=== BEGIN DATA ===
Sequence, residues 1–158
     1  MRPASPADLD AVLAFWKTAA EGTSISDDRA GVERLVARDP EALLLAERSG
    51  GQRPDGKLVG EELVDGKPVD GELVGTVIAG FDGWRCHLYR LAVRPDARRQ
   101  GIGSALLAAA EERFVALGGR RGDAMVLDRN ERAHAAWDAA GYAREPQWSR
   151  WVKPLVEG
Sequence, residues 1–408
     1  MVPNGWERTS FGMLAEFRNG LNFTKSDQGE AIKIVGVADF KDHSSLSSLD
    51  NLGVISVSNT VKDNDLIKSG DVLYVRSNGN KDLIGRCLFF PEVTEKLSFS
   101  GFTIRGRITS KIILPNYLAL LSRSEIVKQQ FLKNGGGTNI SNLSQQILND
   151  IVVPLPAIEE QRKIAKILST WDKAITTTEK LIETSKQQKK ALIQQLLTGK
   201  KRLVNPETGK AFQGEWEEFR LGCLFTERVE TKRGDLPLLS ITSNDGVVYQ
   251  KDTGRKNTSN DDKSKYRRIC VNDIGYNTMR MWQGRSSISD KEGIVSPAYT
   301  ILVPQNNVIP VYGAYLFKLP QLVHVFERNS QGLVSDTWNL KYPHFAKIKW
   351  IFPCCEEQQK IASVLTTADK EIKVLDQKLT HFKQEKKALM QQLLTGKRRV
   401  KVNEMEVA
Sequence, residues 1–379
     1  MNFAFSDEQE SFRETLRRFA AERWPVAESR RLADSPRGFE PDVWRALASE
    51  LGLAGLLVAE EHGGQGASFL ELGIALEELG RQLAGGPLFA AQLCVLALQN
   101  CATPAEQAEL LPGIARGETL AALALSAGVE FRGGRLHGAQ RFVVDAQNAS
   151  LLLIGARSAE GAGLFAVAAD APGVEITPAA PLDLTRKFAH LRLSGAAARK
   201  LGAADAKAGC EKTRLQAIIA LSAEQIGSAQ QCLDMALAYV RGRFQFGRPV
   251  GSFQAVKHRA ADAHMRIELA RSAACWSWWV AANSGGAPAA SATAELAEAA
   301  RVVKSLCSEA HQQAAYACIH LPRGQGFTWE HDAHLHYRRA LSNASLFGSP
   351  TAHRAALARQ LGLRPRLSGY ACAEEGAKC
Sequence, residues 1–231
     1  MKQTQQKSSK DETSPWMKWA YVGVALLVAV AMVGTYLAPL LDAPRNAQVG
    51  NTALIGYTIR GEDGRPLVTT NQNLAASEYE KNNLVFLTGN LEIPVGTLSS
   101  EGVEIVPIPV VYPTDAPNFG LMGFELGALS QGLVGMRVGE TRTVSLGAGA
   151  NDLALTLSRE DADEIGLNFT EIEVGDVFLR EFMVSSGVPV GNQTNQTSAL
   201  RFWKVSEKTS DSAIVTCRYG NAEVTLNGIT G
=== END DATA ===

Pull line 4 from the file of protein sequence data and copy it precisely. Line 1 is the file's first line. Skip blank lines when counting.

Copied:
   101  GIGSALLAAA EERFVALGGR RGDAMVLDRN ERAHAAWDAA GYAREPQWSR